Start developing it yourself, if you already aren't. Shorten the first developer just slightly, dilute reversal bath by 25% and add 4 mol NaOH to the colour developer. That worked for me. Or underexpose and do a longer first developer, but the shadows could get blocked, depending on the light. I did tests with two grades of 81 filters and there was almost no difference in colour.
Originally Posted by spatz
You're no darkroom rookie with talk like that!!!
Originally Posted by darkroom_rookie
This one popped up in the Classified section: FS Fuji Astia in 220 (not 120) roll film.
I would be interested, but he's only shipping within US.
Maybe some of you folks need to restock and are willing to pay his price?
"Have fun and catch that light beam!"
Bert from Holland
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* I'm an analogue enthusiast, trying not to fall into the digital abyss.
* My favorite cameras: Nikon S2, Hasselblad SWC, Leica SL, Leica M7, Russian FKD 18x24, Bronica SQ-B and RF645, Rolleiflex T, Nikon F4s, Olympus Pen FT, Agfa Clack and my pinhole cameras.
Isn't that 4*(23+16+1) = 160 grams?
Originally Posted by darkroom_rookie
Sounds quite a big quantity.
Wow that's a great price!
Originally Posted by TheToadMen
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Darkoom Rookie - Astia 100 was on triacetate base; 100F was a signficantly improved product on dimensionally stable polyester base, with
distinctly finer grain, but otherwise similar in color balance and contrast. The improved base made all the difference in the world when true
darkroom punch and register controls were in play. The 100F was also, incidentally, the best chrome duping film ever made, if you corrected
it for tungsten colorhead lighting. I've got one box of 8x10 left in the freezer. But the sad fact is, that Astia films sold poorly in general, simply
because people didn't understand how well it reproduced. The average chrome shooter slaps something down on a lightbox and wants something vivid like Velvia, because they don't realize the difference between how a chrome looks backlit and actually printed. Now they just slather honey and jam all over the sugar cube with Fauxtoshop hyper-saturation. So the demise of Astia doesn't surprise me at all, though
it really leaves a void in chrome film versatility, especially since Kodak E100G is also gone, which was the next closest thing.
I have a pretty significant freezer box full of 120 Astia (including a few boxes from what I think was the very last run, just expired), from a time when I found a case in the back of a store's fridge and bought out their entire stock. With the recent discontinuation of Kodak E6 chemistry I'm afraid I might not get to shoot it all before the chemistry runs dry. There's almost no point in shooting color in the PacNW once winter sets in.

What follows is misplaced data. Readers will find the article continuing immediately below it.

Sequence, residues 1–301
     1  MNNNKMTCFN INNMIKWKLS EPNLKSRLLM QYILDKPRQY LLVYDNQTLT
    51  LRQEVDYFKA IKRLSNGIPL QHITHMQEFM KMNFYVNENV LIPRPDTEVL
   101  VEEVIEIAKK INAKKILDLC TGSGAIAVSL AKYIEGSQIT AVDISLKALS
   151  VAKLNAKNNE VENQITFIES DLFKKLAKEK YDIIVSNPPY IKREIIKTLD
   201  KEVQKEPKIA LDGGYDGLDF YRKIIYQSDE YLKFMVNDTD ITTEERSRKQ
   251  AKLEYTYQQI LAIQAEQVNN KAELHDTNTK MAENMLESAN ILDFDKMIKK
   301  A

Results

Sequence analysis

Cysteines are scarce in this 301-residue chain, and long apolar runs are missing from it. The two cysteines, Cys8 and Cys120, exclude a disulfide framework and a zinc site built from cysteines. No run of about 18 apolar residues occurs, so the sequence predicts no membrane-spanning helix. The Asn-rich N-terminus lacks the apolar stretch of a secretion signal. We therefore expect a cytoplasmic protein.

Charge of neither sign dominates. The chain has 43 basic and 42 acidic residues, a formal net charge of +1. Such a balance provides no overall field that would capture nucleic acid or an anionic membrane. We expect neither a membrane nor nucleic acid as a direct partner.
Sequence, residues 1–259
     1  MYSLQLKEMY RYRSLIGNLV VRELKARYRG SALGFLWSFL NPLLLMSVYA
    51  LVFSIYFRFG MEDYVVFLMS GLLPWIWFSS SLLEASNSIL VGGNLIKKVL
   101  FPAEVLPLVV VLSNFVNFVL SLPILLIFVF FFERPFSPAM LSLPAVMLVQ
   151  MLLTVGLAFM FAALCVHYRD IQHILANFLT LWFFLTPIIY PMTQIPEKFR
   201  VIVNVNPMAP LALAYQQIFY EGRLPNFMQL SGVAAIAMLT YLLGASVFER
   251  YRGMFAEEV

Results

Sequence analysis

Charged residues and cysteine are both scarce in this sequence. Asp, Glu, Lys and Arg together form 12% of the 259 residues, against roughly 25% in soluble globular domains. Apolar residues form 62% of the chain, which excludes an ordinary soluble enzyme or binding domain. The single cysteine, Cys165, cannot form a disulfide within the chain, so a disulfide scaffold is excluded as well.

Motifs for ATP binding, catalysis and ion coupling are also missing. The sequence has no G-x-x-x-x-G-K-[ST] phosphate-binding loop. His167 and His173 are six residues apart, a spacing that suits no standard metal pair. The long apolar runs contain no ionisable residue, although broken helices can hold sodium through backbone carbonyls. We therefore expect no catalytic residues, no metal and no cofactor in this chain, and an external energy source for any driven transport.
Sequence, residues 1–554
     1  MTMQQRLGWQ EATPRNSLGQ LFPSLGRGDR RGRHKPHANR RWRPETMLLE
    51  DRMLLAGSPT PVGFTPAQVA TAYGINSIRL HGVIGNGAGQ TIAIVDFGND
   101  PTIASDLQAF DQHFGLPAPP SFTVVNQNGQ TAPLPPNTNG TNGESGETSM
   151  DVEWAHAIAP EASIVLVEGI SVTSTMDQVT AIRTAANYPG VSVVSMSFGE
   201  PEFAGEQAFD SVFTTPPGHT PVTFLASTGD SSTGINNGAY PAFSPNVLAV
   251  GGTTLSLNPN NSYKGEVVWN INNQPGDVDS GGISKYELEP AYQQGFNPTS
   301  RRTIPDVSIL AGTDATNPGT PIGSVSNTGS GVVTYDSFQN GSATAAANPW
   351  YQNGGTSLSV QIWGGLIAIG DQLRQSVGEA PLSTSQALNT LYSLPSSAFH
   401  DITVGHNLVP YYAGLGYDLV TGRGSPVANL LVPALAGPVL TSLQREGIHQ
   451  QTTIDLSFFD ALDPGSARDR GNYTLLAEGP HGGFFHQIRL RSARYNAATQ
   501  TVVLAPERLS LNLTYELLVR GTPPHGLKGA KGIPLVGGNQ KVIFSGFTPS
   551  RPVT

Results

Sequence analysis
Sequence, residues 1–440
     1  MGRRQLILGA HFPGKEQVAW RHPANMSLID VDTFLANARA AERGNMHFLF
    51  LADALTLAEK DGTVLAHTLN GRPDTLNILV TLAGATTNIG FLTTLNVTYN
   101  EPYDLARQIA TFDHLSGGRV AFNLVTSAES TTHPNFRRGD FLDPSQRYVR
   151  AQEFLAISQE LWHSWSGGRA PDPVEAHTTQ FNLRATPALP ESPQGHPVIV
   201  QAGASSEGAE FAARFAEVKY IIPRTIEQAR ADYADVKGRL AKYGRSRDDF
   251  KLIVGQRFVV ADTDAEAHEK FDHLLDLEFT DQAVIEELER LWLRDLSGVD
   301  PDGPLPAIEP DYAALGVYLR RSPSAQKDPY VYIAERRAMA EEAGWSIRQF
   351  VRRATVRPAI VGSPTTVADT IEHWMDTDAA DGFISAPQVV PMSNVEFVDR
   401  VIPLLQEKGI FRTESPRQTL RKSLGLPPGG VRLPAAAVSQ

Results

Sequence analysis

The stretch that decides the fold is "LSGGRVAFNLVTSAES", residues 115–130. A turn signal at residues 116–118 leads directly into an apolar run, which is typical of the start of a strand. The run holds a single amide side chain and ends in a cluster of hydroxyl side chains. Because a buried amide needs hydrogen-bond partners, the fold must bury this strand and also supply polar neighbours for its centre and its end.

Would anyone be interested? I can open up the box when I get home tonight and see what I can do for you guys.
Gianni, you're right, not moles, percent. So 4% NaOH, and just a few ml. Quite the difference, obviously.
Drew, thanks, so the curl has something to do with the base, other than the 2003-2012 expiry dates. I've developed many 100F/100 sheets for an aspiring photographer recently and Astia truly is a gorgeous film.
As I mentioned in the other thread, I spoke with a lab that does a lot of business and is Kodak certified, and he said that he's already hooked up with fuji to start using their chemicals and there would be no interruption in processing of E6 and that he was still a certified Kodak lab because they were ok with it since they stopped producing it. So... it's all good, spring is here and you should use it, that said, if you decide to sell it I'm sure you'll have a few buyers.
Originally Posted by shashinzukuri
Darkrm Rookie - don't confuse what I said about sheet film with 120 roll film, which was always flimsy acetate. But yes, in 4x5 there would be
a distinct difference in behavior between the old and new Astia with humidity changes etc. Working with acetate film is hell when long-term
registration is required. After about a decade it seems to shrink to the point of being relatively stable, but with no guarantee of it. The old
Kodak Graphic Arts guides actually held table to predict such things, but everyone knew that polyester or mylar sheet was the only way to go. 120 Astia sold the worst of all, and I completely gave up on it, since by the time it sold, there was already frequently fog or crossover. I hope others had better luck. But I timed this whole sad funeral for the demise of Cibachrome, since that was my objective with Astia anyway. I'll use the last of it for shots intended for dye transfer printing. But one can only make a few of those anyway, given the labor-intensity.